UK ministers also revealed a further £6m ($7.5m) for frontline homelessness charities. The Department for Education will also offer more than £700,000 ($881,000) for councils to assist care leavers who are susceptible to homelessness.
Can We Really Expect Permanent Housing for Homeless People in the UK?
While these pledges have been made, in May, UK homeless charity Crisis advised that thousands of people who have been housed since the COVID-19 pandemic could return to the city streets by the end of June.
The charity was concerned that contracts between local councils and hotels were due to stop as government grants run out. The government has claimed that councils must continue to offer accommodation. Yet boards have requested clarity from the government on what additional practical support they can expect.
So, even if rough sleepers are offered permanent housing within the next 12 months, they may return to homelessness again.
On June 4th, the BBC reported contracts between local councils and hotels were due to halt in July. This was when government funding for the scheme was scheduled to run dry.
However, the government hasn’t yet admitted to this, highlighting the £3.2bn of funding presented to local authorities to assist with further issues resulting from COVID-19. The catch-22 is that this funding was never explicitly allocated for ending homelessness. With many councils still suffering from the long-term effects of austerity and cuts, how much of this money will be spent protecting homeless people?
Crisis claims that it would cost about £282m ($355m) to permanently rehouse and care for rough sleepers currently living in emergency accommodation for the next 12 months. While these figures sound hefty, it’s important to remember that they’re small compared to the £20bn ($25bn) that seemingly appeared from thin air and has been put towards the UK’s furlough scheme during coronavirus.
However, the good news is that on June 24, through work of the government’s COVID-19 Rough Sleeping Task Force, another £105 million was announced to keep rough sleepers safe and off the streets during the pandemic. This budget means that councils can continue to fund people to stay longer in hotels and other temporary accommodations. It also allows the government more time to spend on finding long-term solutions.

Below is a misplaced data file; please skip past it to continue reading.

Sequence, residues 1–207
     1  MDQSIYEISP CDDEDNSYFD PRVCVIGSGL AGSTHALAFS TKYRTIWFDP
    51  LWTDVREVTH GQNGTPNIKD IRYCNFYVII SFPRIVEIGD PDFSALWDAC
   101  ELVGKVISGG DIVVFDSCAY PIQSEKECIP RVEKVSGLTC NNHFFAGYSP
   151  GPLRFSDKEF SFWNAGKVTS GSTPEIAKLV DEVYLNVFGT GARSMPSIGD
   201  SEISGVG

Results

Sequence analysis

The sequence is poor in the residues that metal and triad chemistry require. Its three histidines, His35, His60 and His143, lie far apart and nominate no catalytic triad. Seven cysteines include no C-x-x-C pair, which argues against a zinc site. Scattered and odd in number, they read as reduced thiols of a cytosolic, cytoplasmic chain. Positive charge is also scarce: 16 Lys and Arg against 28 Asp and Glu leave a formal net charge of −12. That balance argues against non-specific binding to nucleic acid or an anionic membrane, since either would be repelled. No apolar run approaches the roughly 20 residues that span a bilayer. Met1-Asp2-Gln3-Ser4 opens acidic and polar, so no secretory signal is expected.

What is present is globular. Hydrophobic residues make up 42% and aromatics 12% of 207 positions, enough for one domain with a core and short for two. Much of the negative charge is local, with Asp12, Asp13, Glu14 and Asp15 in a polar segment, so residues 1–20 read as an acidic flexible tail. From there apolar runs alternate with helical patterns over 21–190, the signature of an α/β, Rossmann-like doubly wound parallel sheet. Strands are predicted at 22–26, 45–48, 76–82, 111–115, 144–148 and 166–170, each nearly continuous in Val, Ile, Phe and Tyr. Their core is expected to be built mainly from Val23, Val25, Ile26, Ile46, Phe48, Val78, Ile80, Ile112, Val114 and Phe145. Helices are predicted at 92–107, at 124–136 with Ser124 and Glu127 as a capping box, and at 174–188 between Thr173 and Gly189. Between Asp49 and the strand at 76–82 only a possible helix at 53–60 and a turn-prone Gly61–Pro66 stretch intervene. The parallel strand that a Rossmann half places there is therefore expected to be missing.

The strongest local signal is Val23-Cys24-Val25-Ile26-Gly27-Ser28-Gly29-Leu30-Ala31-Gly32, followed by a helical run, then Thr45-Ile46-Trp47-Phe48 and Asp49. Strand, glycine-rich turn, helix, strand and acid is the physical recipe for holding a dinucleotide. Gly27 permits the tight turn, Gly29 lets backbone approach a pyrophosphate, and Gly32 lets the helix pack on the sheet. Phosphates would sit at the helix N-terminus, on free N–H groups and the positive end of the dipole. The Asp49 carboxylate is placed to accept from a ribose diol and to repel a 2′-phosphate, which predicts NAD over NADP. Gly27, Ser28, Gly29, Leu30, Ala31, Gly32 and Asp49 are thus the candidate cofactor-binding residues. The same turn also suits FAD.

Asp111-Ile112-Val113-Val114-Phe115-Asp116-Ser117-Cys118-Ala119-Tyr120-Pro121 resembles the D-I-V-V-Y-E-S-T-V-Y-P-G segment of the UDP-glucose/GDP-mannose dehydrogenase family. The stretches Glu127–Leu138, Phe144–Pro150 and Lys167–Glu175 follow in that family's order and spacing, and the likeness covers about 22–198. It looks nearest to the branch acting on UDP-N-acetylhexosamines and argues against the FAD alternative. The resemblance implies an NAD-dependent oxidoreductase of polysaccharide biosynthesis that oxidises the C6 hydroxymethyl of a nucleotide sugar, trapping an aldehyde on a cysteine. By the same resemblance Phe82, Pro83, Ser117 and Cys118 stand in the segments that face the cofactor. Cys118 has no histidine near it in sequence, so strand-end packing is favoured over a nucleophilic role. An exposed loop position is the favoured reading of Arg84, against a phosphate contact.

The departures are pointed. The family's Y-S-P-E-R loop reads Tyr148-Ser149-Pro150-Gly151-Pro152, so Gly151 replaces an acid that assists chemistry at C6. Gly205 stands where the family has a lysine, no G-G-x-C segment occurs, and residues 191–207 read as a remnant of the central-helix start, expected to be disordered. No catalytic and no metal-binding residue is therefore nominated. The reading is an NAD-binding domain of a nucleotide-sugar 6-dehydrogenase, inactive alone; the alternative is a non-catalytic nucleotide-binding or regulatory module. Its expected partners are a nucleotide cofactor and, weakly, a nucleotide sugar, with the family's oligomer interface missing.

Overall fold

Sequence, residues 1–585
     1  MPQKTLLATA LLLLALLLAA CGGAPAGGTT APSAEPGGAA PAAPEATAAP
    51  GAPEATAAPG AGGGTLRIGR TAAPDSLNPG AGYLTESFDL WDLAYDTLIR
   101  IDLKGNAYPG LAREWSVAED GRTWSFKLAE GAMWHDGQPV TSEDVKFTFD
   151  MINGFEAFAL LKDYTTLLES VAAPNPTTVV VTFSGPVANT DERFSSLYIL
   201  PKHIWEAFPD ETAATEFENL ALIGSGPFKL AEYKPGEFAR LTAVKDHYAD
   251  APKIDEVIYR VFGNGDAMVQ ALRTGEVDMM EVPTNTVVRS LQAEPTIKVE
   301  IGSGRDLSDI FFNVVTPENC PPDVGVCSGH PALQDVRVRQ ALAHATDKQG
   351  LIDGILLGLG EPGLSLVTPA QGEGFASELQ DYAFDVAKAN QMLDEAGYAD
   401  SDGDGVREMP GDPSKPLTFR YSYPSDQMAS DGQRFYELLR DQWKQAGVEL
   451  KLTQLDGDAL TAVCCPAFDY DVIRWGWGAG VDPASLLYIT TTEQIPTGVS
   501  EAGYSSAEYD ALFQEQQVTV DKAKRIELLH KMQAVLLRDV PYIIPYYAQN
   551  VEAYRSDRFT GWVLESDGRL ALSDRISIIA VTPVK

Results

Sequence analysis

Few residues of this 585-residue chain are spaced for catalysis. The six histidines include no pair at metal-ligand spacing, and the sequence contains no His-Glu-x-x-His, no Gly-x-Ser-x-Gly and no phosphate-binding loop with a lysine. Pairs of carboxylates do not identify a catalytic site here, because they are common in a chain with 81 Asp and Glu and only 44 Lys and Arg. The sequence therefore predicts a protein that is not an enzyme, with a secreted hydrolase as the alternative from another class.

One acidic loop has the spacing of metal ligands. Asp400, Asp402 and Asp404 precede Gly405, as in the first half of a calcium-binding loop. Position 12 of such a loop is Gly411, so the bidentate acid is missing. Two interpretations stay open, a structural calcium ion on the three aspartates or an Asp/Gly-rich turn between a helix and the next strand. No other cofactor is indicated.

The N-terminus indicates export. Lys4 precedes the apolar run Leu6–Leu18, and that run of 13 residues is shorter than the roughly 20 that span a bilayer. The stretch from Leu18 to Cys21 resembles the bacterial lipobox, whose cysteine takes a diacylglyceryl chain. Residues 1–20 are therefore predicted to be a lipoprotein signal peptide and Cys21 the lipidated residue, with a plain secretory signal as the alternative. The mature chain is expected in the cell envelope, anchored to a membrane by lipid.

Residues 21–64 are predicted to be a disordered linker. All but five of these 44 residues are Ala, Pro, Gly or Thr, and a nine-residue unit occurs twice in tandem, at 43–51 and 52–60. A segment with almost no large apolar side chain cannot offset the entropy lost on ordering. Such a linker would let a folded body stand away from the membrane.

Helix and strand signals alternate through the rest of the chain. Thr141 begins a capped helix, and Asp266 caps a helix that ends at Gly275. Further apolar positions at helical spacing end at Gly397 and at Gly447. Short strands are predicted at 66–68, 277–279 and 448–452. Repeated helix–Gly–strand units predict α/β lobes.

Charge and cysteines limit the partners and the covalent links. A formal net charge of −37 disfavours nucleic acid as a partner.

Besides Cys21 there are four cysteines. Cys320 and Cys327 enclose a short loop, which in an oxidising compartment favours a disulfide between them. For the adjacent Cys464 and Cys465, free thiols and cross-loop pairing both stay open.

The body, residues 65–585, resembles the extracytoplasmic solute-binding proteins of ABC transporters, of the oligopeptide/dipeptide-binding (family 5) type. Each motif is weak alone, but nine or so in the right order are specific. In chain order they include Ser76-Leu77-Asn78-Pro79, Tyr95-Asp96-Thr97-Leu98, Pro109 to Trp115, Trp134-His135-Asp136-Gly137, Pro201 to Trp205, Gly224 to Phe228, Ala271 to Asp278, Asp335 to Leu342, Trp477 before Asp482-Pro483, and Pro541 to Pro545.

What Happens Next?
Coronavirus had rough sleepers taken off the UK’s streets and into safe and secure temporary housing. Government has also made bold claims that there’s “no going back to the streets” for rough sleepers after coronavirus. But will it ring true?
Even with the £105 million earmarked to house people during coronavirus, there’s still a massive challenge to prevent people from returning to the street. Hotels are not the same as good quality hostels and supported housing with professional teams. This means people are likely to drift back to homelessness. This is especially true if they have substance misuse problems.
One of the biggest challenges in London is that the population includes many people who are non-UK nationals. Many of these people cannot claim benefits to cover their housing costs. This means they cannot access hostels and other forms of housing requiring rent.
The move to house vulnerable homeless people once coronavirus was spreading was quick and decisive from the UK government. As potential carriers of COVID-19, perhaps this was why rough sleepers suddenly mattered to people in a way they never did before.